Nonmotor Manifestations of Parkinson’s Disease

The idea that Parkinson’s disease involves more than its classic motor symptoms (tremor, slowness, shuffling, etc.) is not new. Even James Parkinson recognized this in his seminal publication describing this disease in 1817. However, it is only in the last 25 years or so that neurologists have taken a serious, in-depth look at the nonmotor manifestations of Parkinson’s disease. What they have found has evolved into a rich field of study that has both permitted a greater understanding, and revealed greater levels of complexity, of Parkinson’s disease than previously known. ...

A New Definition of Parkinson’s Disease

Although the issue has not gained many headlines, a great deal of energy is being expended by movement disorders neurologists to develop a new way of thinking about Parkinson’s disease. This effort has been prompted by two major trends: a growing recognition that traditional definitions are inadequate, and an assortment of new scientific discoveries that compel us to broaden our understanding of what exactly constitutes Parkinson’s disease.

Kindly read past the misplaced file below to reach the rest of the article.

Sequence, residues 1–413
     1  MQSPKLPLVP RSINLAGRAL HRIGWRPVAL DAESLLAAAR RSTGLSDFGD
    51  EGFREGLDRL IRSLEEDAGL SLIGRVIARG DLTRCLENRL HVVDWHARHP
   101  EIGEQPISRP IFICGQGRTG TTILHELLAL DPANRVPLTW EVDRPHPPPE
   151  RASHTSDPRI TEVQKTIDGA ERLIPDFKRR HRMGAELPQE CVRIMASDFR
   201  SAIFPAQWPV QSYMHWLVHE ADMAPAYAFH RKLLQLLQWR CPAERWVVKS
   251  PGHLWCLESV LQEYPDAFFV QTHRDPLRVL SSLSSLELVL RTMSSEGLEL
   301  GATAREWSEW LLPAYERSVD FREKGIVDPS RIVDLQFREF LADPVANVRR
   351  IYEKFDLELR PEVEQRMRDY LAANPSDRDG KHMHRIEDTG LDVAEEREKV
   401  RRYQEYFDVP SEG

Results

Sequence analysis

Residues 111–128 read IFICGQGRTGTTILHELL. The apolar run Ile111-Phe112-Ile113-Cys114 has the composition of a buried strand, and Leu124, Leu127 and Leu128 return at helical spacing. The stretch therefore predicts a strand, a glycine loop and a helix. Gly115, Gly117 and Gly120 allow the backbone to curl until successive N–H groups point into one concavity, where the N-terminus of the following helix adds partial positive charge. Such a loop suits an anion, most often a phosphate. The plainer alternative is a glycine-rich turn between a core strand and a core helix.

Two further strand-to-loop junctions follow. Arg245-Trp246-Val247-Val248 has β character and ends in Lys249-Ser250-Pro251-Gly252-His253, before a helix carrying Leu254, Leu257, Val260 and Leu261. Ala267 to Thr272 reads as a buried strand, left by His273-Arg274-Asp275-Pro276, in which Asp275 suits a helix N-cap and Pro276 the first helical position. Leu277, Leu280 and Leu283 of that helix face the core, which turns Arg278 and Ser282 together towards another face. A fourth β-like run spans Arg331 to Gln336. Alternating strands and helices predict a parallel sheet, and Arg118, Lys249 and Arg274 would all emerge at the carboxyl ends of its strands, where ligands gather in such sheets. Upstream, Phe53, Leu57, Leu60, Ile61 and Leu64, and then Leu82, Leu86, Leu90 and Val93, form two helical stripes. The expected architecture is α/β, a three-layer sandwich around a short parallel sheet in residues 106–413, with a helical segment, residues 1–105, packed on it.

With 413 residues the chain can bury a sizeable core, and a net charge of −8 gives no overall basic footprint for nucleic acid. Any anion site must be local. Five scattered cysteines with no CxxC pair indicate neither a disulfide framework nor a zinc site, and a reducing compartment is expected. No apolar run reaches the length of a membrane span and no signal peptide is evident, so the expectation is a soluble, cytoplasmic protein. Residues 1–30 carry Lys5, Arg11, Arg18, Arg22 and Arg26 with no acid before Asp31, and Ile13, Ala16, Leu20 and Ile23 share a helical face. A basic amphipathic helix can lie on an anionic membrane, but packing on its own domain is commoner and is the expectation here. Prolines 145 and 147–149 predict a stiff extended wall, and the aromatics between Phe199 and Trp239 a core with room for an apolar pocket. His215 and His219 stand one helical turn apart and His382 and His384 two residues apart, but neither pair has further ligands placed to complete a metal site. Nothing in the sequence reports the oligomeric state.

To neurologists, the classic definition of Parkinson’s disease in patients consists of a combination of clinical (i.e., ...